Last time, we began commenting on some of the tools and strategies businesses can use to protect sensitive information from competitors, specifically taking a brief look at intellectual property rights. As we noted, registering and enforcing trademarks, patents and copyrights, and establishing an effective strategy for licensing, can be an important way for businesses to protect and benefit from their intellectual property.
What, though, about valuable intellectual property that doesn’t fall within the above-mentioned categories? Many people don’t realize that trademarks, patents and copyrights are actually less commonly used for protecting a business’ intellectual property than trade secrecy.
One of the reasons trade secrecy is less well-known than the aforementioned protections is that trade secrecy does not involve a government registration process. Each business decides on its own how it will protect its own trade secrets. Trade secrecy is extremely valuable to businesses, though, despite lack of formal registration.
Trade secrets are protected at both the state and, more recently, at the federal level. Federal trade secret protections allow national businesses to protect their trade secrets with a more uniform approach, though small businesses could potentially benefits from federal protections as well. In order to be considered a trade secret, business information must generally be used in the business, and must provide an economic advantage to the business that takes reasonable measures to keep it secret. Trade secret holders are protected from unauthorized disclosure and use of the protected information. Protections are not available when the information is not discovered by misappropriation, though.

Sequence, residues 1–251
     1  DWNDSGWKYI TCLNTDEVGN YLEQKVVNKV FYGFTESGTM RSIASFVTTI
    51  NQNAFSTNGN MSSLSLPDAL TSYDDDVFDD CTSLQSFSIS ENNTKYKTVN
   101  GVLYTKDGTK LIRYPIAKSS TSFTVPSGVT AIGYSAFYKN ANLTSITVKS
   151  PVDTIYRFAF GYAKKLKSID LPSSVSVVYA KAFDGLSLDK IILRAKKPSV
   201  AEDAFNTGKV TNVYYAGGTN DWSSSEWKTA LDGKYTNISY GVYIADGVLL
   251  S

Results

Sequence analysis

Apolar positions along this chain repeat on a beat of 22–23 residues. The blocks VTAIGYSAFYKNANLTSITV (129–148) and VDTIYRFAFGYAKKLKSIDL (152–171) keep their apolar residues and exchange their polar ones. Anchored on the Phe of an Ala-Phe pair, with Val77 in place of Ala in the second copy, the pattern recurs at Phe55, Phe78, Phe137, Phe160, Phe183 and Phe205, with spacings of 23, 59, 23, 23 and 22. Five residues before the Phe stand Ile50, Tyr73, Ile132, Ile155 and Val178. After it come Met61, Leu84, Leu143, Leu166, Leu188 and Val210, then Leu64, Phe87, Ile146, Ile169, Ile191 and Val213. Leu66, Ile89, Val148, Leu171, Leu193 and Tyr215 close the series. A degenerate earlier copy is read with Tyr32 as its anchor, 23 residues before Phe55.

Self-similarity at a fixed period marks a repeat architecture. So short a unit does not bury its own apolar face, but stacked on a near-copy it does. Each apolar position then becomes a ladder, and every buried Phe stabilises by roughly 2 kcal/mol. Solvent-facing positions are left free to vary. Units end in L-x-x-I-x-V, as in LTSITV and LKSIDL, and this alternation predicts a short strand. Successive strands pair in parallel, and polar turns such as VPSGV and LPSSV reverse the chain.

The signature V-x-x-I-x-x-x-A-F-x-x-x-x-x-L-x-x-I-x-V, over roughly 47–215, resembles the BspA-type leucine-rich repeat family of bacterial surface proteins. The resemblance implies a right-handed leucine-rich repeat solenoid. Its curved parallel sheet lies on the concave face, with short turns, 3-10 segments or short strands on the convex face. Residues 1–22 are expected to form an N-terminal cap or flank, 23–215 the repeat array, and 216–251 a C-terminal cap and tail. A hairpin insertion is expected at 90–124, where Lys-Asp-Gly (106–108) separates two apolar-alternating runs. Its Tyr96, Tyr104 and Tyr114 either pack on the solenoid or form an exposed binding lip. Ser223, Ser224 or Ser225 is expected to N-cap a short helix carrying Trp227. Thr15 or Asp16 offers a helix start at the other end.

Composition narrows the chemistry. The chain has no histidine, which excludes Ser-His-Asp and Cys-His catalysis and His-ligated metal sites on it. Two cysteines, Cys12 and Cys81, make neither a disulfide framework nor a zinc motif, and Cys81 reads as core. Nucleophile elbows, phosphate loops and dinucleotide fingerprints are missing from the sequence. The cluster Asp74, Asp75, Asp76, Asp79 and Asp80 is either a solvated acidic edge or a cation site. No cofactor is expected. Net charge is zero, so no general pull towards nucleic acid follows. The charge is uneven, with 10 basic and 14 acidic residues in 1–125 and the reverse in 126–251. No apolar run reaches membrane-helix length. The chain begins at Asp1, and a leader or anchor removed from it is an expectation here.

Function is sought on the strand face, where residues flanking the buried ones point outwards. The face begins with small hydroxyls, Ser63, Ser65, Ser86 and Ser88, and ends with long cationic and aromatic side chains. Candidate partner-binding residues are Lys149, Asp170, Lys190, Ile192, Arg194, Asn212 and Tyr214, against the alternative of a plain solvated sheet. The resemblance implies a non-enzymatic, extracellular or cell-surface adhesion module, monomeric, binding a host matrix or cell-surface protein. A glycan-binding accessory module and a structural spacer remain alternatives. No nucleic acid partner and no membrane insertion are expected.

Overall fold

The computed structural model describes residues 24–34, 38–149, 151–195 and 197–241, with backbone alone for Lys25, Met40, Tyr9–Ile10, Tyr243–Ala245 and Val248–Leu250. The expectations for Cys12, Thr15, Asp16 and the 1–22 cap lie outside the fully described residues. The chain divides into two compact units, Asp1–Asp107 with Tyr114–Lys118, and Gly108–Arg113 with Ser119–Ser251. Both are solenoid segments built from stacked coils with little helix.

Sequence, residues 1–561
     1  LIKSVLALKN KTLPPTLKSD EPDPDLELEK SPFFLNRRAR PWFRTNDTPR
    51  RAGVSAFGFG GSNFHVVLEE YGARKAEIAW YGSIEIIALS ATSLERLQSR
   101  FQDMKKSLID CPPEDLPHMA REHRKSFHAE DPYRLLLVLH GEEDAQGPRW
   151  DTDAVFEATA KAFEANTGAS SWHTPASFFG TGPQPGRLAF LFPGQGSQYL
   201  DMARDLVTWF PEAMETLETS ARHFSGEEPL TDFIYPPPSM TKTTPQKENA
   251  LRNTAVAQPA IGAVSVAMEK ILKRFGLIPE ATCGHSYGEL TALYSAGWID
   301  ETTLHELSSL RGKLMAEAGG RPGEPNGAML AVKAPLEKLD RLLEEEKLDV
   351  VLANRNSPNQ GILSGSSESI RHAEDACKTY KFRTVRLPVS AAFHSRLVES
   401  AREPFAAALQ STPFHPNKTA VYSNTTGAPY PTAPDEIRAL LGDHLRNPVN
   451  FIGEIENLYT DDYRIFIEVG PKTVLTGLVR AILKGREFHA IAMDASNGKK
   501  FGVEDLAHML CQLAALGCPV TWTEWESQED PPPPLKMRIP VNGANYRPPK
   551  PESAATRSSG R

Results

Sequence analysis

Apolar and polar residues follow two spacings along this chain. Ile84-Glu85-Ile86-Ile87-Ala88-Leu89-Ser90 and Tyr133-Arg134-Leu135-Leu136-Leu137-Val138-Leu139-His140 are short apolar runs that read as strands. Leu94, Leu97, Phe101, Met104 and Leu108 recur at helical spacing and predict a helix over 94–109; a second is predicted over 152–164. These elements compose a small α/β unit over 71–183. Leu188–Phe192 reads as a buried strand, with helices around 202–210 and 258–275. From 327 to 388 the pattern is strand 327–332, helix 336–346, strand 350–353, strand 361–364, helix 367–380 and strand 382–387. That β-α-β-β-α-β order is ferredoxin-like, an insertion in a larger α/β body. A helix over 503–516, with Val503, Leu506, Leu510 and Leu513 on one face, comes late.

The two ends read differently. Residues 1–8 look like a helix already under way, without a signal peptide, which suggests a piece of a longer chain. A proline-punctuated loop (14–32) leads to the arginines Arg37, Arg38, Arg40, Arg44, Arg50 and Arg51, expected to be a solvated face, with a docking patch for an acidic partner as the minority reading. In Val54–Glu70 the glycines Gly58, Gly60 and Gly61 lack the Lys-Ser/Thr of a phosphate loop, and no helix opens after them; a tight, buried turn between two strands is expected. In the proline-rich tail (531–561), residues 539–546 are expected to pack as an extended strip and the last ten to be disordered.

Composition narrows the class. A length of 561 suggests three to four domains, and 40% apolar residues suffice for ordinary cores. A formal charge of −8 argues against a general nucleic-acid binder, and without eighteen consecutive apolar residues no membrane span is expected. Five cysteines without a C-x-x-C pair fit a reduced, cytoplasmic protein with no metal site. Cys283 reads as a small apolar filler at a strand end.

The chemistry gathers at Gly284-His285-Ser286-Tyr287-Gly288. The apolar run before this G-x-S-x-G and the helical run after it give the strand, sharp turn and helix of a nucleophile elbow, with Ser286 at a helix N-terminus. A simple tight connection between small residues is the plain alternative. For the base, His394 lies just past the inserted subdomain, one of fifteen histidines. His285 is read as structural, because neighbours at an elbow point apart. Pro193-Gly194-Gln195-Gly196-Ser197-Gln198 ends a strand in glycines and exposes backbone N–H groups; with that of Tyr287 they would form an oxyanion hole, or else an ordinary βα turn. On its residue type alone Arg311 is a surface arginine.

State court protections for trade secrets vary, but federal courts are able to order a violating party to pay royalties to the business that owns a trade secret, or to order a party that misappropriates a trade secret to maintain its secrecy. In some cases, courts may order an award of damages, court costs and attorneys’ fees.
Trade secret protection can in some cases serve as an alternative to patent registration. Businesses should do their research and become aware of the issue, and work with an experienced attorney to determine how to best protect their valuable information, and to defend it from competitors.
In our next post, we’ll continue looking at another tool companies can use to protect valuable business information from competitors: non-compete agreements.
World Intellectual Property Organization, Patents or Trade Secrets?,” Accessed April 6, 2017.
Ustpo.com, Trade Secret Policy, Accessed April 6, 2017.